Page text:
2. Can’t say I found this particularly easy other than by comparison with the past couple of days. NHO OHF* PICARO and GOLDEN MEAN, and the shrub EUPHORBIA had to be dredged up from the recesses of my mind.

    *or had forgotten.

    After yesterday’s discussions re the QC might I suggest that ‘surface / surface reading’ be added to the Glossary?

      1. Excellent! That’s now very clear. I don’t often look at the Glossary but having just made a rare visit I notice there’s nothing on semi&lit and also it might be helpful to have a bit more detail on cryptic definitions – compare and contrast with &lit for example. Even after 12 years blogging I sometimes find myself having to think twice when categorising clues.
          1. Yes, it’s dodgy territory. Perhaps some of us bloggers could get together behind the scenes and hammer something out between us?
            1. An &lit is one where the whole clue does double duty as both cryptic and definition. If there’s anything at all extraneous to that, i.e. if there are a few words that serve no cryptic purpose, it becomes a semi-&lit. (Is my first pass.)
              1. Yes I think that’s right. The extra word or words are usually something innocuous like ‘this’ that contribute nothing to wordplay but are required to turn the whole clue into a definition.
                I also think the wordplay has to be necessary for the definition, i.e. it doesn’t stand on its own.

                Edited at 2019-11-29 08:56 pm (UTC)

                1. Because it has clearly separate definition (mice may get snapped up by them) and wordplay (slow-moving).
                  In a semi-&Lit the definition is an extra word or two that only make sense as a definition by reference to the clue as a whole. Or to put it another way the wordplay is also necessarily part of the definition.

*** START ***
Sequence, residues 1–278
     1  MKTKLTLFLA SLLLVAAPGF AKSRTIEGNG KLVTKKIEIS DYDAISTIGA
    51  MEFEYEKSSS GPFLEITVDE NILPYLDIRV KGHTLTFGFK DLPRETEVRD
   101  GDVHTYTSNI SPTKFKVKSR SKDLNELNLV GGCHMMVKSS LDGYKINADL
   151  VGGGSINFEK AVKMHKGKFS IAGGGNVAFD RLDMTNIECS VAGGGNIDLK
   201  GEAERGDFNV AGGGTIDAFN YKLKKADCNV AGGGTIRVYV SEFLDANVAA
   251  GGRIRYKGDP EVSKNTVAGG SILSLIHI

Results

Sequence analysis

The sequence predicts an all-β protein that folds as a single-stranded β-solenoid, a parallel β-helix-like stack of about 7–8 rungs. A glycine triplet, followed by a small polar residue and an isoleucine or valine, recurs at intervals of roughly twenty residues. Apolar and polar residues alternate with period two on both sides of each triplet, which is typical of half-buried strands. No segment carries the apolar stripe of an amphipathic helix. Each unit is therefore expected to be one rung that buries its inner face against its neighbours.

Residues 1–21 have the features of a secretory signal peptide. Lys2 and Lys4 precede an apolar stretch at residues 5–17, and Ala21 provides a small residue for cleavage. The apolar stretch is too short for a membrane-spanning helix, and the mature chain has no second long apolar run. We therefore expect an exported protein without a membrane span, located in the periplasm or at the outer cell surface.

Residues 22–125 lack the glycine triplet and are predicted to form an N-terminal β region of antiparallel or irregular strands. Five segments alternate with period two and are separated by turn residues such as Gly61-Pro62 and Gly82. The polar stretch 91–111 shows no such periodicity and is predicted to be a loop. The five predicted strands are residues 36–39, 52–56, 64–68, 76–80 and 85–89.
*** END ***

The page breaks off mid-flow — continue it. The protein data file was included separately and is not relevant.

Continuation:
That’s the way I think of it anyway!

                  Edited at 2019-11-29 08:54 pm (UTC)

                  1. Interesting. I read the definition as being “slow moving mice may get snapped up by them”… i.e. faster ones escape, with “slow moving” as the wordplay being part of the definition. I can see your point, though, if you choose to parse it the way you did. What fun we have here!

                    Edited at 2019-11-29 09:02 pm (UTC)

                    1. To me the HOUDINI clue in that article is a real semi-&Lit because the definition (‘he’) doesn’t pass muster without the rest of the clue. ‘Mice may get snapped up by them’ is a perfectly serviceable definition.
                    2. The mice one isn’t &lit though, as the clue CAN be parsed as a straight cryptic+definition. And there’s extraneous material in any case.

                      How about ‘extended definition’ = ‘semi-&lit’?

  3. Finally subscribed to LJ to avoid the increasingly strident Russian ads.

    I woke at 5am for some reason and tried this as a soporific, achieving a better than par time for me of under 45 minutes. I hit submit with fingers crossed for the unknown PICARO (though I did know picaresque, strangely) and HEIR AT LAW, so relieved to see no pink squares.